Yodeling has many connotations. Strange guttural throat sounds, Maria off of the Sound of Music, alpine cowherds, mountains and pigtails… None of them being all that ‘cool.’ But is this archaic and much-ridiculed form of song being reinvented and newly acknowledged in our modern music scene?
A form of singing characterized by rapid, repetitive changes between high and low pitches, the earliest record of yodeling was in 1545, where it was described as, ‘ the call of a cowherd from Appenzell.’ Between the 1800s and 1950s yodeling became a recognized and celebrated part of the European, American and even African music scenes, with artists such as Jimmie Rodgers, Hank Snow, Bobbejaan Schoepen and Kishore Kumar incorporating the technique in their music. From the 1960s up until more recently yodeling became less widely used in mainstream music as rock and roll, ska, punk and electronic music became the most popular music styles of the century’s later decades and yodeling was dismissed as dated and bizarre.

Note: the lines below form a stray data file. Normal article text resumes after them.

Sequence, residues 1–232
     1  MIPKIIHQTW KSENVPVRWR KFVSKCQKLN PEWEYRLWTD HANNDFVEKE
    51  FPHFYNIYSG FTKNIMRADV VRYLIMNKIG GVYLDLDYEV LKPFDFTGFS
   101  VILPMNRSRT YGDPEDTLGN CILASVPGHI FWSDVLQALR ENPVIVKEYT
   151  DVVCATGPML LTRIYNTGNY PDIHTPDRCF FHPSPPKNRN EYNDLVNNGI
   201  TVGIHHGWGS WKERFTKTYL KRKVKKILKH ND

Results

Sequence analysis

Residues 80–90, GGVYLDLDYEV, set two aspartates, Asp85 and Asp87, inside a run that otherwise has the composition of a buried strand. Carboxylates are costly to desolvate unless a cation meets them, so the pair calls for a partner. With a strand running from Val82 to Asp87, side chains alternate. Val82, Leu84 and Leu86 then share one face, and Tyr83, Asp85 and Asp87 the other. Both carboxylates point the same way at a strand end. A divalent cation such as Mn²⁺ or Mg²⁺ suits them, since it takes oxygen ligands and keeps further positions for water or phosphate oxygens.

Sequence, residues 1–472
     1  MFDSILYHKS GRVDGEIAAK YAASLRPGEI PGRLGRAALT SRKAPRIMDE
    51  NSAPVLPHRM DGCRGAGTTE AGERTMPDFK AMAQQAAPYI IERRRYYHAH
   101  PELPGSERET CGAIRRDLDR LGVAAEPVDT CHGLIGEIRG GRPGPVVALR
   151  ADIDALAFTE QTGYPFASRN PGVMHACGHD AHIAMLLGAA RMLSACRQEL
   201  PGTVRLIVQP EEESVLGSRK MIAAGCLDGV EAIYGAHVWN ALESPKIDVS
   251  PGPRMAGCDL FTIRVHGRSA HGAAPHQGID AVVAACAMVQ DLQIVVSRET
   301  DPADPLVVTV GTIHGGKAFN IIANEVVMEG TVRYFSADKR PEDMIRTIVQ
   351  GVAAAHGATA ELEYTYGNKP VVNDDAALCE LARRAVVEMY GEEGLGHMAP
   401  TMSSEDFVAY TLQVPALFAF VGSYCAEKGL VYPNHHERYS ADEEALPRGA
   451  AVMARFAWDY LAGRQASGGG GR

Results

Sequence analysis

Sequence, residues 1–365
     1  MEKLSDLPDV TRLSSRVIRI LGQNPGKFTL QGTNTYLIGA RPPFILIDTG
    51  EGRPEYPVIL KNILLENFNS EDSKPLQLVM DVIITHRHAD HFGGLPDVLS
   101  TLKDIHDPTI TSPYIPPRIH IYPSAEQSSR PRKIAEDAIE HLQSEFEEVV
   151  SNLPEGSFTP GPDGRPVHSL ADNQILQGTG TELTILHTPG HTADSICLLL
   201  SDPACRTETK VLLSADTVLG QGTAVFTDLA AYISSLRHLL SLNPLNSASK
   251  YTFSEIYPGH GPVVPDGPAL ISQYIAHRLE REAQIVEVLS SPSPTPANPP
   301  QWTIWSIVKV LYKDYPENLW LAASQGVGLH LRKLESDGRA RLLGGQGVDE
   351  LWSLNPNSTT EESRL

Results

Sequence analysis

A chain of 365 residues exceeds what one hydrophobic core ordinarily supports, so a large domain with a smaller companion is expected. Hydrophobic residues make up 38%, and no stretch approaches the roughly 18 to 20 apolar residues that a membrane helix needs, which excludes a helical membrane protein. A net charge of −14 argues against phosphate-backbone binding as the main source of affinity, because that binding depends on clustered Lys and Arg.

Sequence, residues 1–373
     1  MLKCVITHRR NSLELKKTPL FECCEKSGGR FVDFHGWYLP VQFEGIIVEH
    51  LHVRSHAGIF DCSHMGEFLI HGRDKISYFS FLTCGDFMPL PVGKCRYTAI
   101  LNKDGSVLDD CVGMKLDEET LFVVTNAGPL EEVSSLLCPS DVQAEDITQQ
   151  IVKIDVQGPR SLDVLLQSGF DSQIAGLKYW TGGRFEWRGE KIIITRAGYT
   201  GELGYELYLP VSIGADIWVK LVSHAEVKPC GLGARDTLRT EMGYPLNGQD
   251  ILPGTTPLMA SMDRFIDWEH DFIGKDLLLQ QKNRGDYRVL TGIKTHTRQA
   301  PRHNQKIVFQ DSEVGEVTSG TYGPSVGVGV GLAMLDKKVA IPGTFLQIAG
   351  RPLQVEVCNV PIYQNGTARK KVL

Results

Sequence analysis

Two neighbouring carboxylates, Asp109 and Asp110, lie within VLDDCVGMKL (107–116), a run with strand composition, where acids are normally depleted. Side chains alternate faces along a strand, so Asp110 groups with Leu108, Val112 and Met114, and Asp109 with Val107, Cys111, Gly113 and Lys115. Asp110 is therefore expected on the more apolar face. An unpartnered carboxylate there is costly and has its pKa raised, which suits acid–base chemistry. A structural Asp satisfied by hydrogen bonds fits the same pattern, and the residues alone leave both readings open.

But a new wave of artists and musicians have been revisiting yodeling in the 21st century as a quirky form of song both steeped in fascinating history and also compatible with many orchestral, electronic and jazz sounds – and quite unlike the more conventional pop and classical singing styles we have come to know.
Swiss yodeler Nadja Räss fuses electronica, experimental jazz and traditional instruments to create her idiosyncratic sound.
This yodeling compilation showcases how genres as diverse as dub to Bollywood have embraced yodeling over recent years.
Berlin-based Doreen Kutzke, who shall be hosting our workshop this Thursday, teaches yodel in every form from blues, techno, jazz and country.
Oh, and here’s Jimmy Fallon and Brad Pitt with a cheeky little homage to the alpine artform…